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Showing posts from May 30, 2013

Samsung Takes Another Victory In Apple Patent War

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Hot on the heels of its victory over Apple's 'all your rectangles belong to us' patent in Holland Samsung has scored a potentially bigger win in the US, after the ITC found in its favour with a final judgement today.

The result means that 3G versions of the iPhone prior to the 4S, and 3G versions of the iPad and iPad 2 will be banned from sale in the US. More importantly Apple will be liable to make compensation payments on each device.

Given the somewhere well north of 80 million of these devices have been sold, those compensation payments from Apple won't have to be much on a per device basis to wipe a big hole in the (disputed) billion dollar settlement Apple won over Samsung last year.

HTC Gets Some Positive News

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After what seems like a endless streak of bad results, HTC finally look to have turned things around with the rather tasty One. Last quarter's results are in and the company managed to grab revenue of $970m - back to early 2012 levels and significantly better than last quarter's numbers.

Unfortunately this doesn't seem to have slowed the number of senior staff exiting the company. Whether this is a result of the company losing non-productive or failing staff; or a sign that confidence has hit rock bottom is hard to guess.

Let's hope that a leaner, more focused HTC continues to play a part in the industry it helped create. Currently the company offers the best counterpoint to Apple and Samsung that we have.

This Could be The Worst Article To HIt The Internet... Ever!

I really don't want to publish a link to this article its so bad. Its manages to be ill-informed, poorly researched and out-dated all at the same time. That the author lists US policy advisor, computer scientist and distinguished lecturer in his biography defies belief.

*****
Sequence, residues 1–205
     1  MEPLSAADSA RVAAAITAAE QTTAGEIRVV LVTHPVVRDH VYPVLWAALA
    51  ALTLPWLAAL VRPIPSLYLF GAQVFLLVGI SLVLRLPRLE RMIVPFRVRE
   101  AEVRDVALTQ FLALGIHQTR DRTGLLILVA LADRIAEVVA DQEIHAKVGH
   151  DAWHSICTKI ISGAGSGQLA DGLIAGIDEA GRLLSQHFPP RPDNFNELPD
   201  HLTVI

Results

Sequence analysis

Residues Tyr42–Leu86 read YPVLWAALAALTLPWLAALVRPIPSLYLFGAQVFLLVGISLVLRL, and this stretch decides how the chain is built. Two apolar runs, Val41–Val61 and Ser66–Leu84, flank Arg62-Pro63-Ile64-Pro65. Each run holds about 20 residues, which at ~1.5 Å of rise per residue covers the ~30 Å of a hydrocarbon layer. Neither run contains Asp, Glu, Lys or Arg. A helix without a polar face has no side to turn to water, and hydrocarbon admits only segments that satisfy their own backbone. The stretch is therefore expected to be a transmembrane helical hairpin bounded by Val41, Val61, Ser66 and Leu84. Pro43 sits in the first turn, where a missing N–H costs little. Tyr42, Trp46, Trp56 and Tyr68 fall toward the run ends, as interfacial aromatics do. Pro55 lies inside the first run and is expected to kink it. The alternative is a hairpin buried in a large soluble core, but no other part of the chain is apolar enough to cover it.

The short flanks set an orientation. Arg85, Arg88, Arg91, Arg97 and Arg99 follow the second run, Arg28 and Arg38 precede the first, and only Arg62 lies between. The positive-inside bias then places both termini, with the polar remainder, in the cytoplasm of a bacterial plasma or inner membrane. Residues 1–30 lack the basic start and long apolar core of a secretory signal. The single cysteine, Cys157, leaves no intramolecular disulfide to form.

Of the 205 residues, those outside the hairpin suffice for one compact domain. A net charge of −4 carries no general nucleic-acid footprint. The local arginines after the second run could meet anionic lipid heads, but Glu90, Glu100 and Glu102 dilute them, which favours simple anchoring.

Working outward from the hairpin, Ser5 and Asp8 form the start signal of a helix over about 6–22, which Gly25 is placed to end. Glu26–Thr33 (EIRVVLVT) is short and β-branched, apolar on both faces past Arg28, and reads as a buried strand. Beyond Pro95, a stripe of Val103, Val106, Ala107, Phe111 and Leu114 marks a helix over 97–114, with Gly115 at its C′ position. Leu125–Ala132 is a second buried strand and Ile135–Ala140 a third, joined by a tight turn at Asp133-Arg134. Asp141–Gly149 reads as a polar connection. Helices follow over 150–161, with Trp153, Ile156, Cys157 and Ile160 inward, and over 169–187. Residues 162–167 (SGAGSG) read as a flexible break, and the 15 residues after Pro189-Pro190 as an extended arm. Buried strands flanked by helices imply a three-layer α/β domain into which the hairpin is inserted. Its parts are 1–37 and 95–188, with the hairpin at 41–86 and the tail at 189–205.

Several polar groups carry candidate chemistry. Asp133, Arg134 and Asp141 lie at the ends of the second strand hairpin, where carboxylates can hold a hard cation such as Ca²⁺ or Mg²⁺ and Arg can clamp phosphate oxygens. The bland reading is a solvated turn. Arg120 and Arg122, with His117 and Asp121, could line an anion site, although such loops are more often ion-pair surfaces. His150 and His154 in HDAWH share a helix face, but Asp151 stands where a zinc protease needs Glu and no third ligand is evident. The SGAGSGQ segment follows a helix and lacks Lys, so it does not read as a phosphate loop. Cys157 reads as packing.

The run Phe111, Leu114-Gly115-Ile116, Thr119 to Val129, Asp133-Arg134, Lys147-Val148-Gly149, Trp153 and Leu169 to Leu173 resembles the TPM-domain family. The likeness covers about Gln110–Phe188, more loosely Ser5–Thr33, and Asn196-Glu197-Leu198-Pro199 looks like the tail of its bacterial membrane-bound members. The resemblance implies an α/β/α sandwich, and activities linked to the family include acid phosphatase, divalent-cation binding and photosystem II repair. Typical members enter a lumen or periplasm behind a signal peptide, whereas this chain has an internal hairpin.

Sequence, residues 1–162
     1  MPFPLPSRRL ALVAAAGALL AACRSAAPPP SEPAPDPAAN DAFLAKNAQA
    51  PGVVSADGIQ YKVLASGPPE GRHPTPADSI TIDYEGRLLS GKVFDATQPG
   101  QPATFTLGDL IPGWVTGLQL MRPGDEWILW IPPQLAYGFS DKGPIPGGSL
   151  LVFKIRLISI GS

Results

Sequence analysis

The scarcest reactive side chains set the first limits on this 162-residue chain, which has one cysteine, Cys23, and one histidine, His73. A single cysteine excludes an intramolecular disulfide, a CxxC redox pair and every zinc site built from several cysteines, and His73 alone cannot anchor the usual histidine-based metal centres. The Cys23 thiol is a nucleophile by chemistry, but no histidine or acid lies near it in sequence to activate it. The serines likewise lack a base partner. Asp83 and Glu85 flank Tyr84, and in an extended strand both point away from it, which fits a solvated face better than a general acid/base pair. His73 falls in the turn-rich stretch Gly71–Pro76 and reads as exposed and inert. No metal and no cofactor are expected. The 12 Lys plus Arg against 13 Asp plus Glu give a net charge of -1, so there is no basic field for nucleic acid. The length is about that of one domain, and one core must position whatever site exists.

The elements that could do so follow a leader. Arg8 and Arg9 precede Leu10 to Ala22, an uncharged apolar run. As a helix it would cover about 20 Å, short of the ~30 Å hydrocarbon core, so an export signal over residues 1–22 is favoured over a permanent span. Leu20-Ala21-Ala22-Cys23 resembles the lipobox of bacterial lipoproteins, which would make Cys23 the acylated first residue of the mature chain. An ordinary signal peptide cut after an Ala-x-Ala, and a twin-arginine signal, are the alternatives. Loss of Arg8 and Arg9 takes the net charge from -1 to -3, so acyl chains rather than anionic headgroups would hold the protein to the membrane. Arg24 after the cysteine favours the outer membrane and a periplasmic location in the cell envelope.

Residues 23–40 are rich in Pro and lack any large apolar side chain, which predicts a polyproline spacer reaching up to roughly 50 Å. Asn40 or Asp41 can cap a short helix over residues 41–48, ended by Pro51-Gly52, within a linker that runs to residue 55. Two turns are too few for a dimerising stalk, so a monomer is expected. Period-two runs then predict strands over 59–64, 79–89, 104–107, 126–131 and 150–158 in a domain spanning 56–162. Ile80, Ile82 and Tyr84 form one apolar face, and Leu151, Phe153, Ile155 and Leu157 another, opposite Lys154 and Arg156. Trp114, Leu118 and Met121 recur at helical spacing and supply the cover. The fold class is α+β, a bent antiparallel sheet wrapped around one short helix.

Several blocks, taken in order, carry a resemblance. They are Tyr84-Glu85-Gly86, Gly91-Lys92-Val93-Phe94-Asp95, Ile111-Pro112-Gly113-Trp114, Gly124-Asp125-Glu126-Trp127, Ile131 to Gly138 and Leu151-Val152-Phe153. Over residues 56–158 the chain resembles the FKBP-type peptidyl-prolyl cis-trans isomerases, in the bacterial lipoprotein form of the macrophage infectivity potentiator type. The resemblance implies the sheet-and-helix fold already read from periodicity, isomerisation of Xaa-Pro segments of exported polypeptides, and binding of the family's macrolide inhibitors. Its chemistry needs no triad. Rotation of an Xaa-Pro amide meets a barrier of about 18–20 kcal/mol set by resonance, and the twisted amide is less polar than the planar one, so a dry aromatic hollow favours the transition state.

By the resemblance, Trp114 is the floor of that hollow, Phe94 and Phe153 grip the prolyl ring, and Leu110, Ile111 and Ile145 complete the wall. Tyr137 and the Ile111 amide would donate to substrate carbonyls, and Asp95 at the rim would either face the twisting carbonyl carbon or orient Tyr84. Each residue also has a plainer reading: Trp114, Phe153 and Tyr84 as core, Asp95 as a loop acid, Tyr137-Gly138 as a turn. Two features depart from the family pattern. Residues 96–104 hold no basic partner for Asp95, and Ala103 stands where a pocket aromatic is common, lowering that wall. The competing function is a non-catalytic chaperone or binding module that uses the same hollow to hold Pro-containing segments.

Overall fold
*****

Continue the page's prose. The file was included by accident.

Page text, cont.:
In this article ZDNet blogger David Gerwitz makes such a ridiculous premise and then backs it up with further nonsense as to cause me to wonder about his mental health. His solution to wireless network security? MAC address filtering and disabling SSID broadcasting.

If you want to secure your wireless network, setup WPA or WPA2 and forget about it. This will deter all but the most dedicated of hackers. But Gerwitz apparently thinks that he's found a secret security layer that everyone else missed.

Wrong. Very, very wrong,

A hidden SSID can be read from the packets your clients send out when connecting to your (supposedly) hidden wireless router, as can the MAC address of the connected client.

And far from bein…

Dutch Supreme Court Finally Kills Apple's 'We Own Rectangles' Claim

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Apple has pursued Samsung across most of Europe in an attempt to enforce its patent on a rectangle with rounded corners.

The Dutch Supreme Court has become the latest to dismiss the claim, upholding a lower court's decision that Apple's patent was valid but limited as a number of other companies (including Samsung) could demonstrate prior art. The judges, sensibly, held that consumers were intelligent enough to identify the difference between the two devices sufficiently.

Perhaps the words 'Samsung' and 'Galaxy Tab' written large across the box might have been a giveaway. How stupid does Apple think consumers are?